“Stay-at-home” moms don’t seem to stay at home as much nowadays. Maybe we should put off some of the playdates, classes, outings and errands for good old fashioned staying at home and raising our kids right.

    You could look at it that not doing what you want (hobbies, socializing, entertainment, relaxation, etc.) so you can do a better job as a parent is a sacrifice – but really it is an obligation…and being a parent is a privilege.

  2. heartpondering Says:

    I appreciate the comment… your second paragraph reminds me of the ‘enrichment’ post I did last week! Thoughts there that I can definitely relate to.

    “Spend more time with your kids” is certainly a big part of Krueger’s point – with the QUALITY of that time being a key consideration. I often catch myself being physically near my children but mentally miles away. Your words of “paying attention to” and “giving our best time to” resonates with me and with the tyoe of consistency that impressed me in the excerpts I incluced.

    I agree with you that parenting is a prilivege, and that this privilege necessarily includes sacrifices (of all shapes and sizes). Part of the key, I think, is assessing your time and your interactions with your kids to determine how the time IS being spent… Am I present to my kids? Am I giving them (a sufficent, even ample) amount of attention? Am I consistent in my love and presence, as in my correction? These questions lead to the questions of sacrifice I was referring to. Where I find answers of ‘no’ when I believe they should be ‘yes’ – that’s when the rubber hits the road. When I have to prayerfully figure out what it means to respond to the call – and privilege – of parenting that God’s given me, and what I may need to scale back on or even lay down (for a season) to do it well.

  3. Courtney Says:

    First off, I have really appreciated and gleaned a lot of life changing (in the parent realm) advice that I have effectively put into practice with all three of my children (5, 3, and 1) from Raising Godly Tomatoes.

    I have always thought of myself as consistent or at least striving to be consistent, but Krueger really has challenged me to REALLY be consistent and to take it to the next step. My usual “consistency” entailed: Asking for something to happen of sorts with the expectation that my child did it, and then if they did it offer praise or affirmation for compliance OR if they did not they received a consequence (time out, spank, whatever I felt the situation dictated. I thought I was taking into consideration the child, the situation, and being consistent.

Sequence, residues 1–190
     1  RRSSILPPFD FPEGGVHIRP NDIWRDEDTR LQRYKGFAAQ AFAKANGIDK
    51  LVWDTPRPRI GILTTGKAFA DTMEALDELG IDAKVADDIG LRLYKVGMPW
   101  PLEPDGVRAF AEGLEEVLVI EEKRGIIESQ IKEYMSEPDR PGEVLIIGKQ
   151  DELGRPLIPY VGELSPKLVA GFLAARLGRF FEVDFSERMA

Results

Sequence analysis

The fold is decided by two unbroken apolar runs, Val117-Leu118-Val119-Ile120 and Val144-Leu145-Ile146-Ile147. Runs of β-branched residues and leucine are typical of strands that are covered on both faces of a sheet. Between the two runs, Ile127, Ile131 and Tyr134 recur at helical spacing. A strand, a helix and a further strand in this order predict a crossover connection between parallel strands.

Well, I was also frustrated by there continued disobedience of one degree or another. Too often I was having to come up with an “appropriate” consequence. I was tired of the whining, crying for no real reason, sibling fights, occasional “no” to me, and whatever else. My kids are loved, they get enough sleep, I expect obedience and follow it up with clear consequences, so what was the deal?

    Reading this book made me realize I needed to change my consistency to go as follows: Ask my child to do something, expect them to do it, and actually “outlast” them until they did obey with an appropriate attitude/spirit/heart, and then sometimes (when appropriate) throw in a few practice rounds. This training/teaching has worked beyond amazingly. I have outlasted them whenever necessary- sometimes longer than others, and we are all enjoying each other and our time much more. I can see my son catching himself before he responds to me in a whiny voice. I can see my daughter catch herself before she just starts crying instead of just answering me with the words she can use to explain her feelings, etc.

    A few helpful things: have them practice after they have disobeyed and you outlast them, use the words “please begin again” when they disobey, if you predict a problem situation have them practice it before it occurs, make sure you check their heart/spirit/attitude as they obey, do it over and over whenever necessary- stay close to them, so you can teach/guide/train them and really be consistent.